Pectin is a polysacharide found in the cell walls of plants. There are two main divisions of pectin used in cooking: high methoxyl (HM) and low methoxyl (LM).
The high methoxyl is used in most jam and jelly recipes. It requires sugar and acid to gel. When the pectin is dissolved out of the cell walls it is very dilute and picks up a negative charge that ...
Fruits that are high in pectin are not necessarily sour and sour fruits are not necessarily high in pectin. However, pectin is typically found in high concentrations in firm fleshed fruit such as apples and in the skins of citrus. Unripe fruit has even more than the ripe. So- I can see why you would come to that conclusion.
It is easy enough to find charts ...
Lemon curd is not cooked so much for a time—in general times are only guidelines to help cooks not yet familiar with a recipe do planning—as they are to a specific outcome.
The traditional test for lemon curd (and all custards, really) is the nappe, or coating the back of a spoon. If you dip a spoon into the curd, and then run your finger ...
TL;DR: likely because demand was too low to sustain commercial distribution
Barring any relationship to a specific historical incident, it's very difficult to find out why a specific food is no longer commercially produced. In the absence of specific reasons, we can see a number of contributing factors as to why grape preserves would have gone off the ...
I have done this before and it has worked for me. It should work, but if it doesn't, I know what will. My aunt sold Jam for a while and when the pectin didn't work she reheated and added a small amount of gelatin, I helped her stir it in, and that was the final fix for her bad mix.
Graininess caused by excess undissolved sugar is fairly obvious. The grains will be sweet and will dissolve on the tongue.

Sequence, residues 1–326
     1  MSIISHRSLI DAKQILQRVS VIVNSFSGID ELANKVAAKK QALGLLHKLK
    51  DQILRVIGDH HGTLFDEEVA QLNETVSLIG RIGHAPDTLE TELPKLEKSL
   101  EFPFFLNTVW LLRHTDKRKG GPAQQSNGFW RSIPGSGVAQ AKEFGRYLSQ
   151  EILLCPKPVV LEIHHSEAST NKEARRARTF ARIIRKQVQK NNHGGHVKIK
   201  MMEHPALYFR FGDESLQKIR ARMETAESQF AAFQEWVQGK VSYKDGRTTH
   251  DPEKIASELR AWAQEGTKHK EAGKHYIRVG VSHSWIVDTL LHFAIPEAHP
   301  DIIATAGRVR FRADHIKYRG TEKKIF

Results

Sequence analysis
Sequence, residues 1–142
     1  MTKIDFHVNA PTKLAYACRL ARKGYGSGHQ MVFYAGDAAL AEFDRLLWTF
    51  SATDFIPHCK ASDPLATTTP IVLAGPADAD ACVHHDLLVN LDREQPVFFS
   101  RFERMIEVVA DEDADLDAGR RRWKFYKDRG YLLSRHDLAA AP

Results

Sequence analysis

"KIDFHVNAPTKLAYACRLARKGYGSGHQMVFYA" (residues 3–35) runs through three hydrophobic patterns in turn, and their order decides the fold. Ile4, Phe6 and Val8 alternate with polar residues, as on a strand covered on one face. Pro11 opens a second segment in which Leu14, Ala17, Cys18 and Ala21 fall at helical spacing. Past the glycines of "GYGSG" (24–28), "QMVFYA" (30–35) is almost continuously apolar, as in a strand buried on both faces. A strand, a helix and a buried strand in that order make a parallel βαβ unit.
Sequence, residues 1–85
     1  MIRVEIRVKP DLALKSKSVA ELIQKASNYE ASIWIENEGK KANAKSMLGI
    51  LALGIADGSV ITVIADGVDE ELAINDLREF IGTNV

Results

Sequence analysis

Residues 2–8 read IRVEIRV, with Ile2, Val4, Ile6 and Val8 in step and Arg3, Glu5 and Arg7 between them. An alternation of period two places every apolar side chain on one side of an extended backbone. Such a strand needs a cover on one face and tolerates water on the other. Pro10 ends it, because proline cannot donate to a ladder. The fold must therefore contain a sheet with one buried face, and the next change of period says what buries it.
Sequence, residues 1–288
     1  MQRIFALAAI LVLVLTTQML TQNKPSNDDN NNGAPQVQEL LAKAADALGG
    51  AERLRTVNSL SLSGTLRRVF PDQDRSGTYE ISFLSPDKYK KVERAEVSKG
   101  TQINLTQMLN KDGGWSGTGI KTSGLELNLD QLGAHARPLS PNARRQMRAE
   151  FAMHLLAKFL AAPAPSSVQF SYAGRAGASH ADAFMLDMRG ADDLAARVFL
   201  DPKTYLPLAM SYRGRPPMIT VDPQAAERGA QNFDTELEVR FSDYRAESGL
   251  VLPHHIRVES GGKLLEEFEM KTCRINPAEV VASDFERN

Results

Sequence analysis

Alternatively, with some fruit including blueberries, the skins of the fruit can be dry or tough and stay in grainy fragments in the jam. Again, this is obvious. The individual shreds will be dark and flat, etc.
Another, in my opinion, ...
Yes. See the accepted answer for Can most sour fruits be jelled by cooking with sugar?. After getting that answer, I have successfully made apple jelly with fresh cooked and strained apple juice and sugar, and nothing else. You can search for apple jelly recipes and find directions.
I don't know for sure if it is the same enzyme naturally that naturally occurs in apples, but there is a commercial product called NovoShape that serves this purpose. It is a pectin esterase. You can find it in small quantities at Modernist Pantry: http://www.modernistpantry.com/novoshape.html
I found a study done in Korea in 2010 that said pectin can replace shortening in cookies and therefore, they concluded other baked goods. The ideal amount was 30% replacement saying the texture was actually better and the cookies were more moist. They don't recommend going higher than 30% as a 40% difference changed the structural integrity in a "negative" ...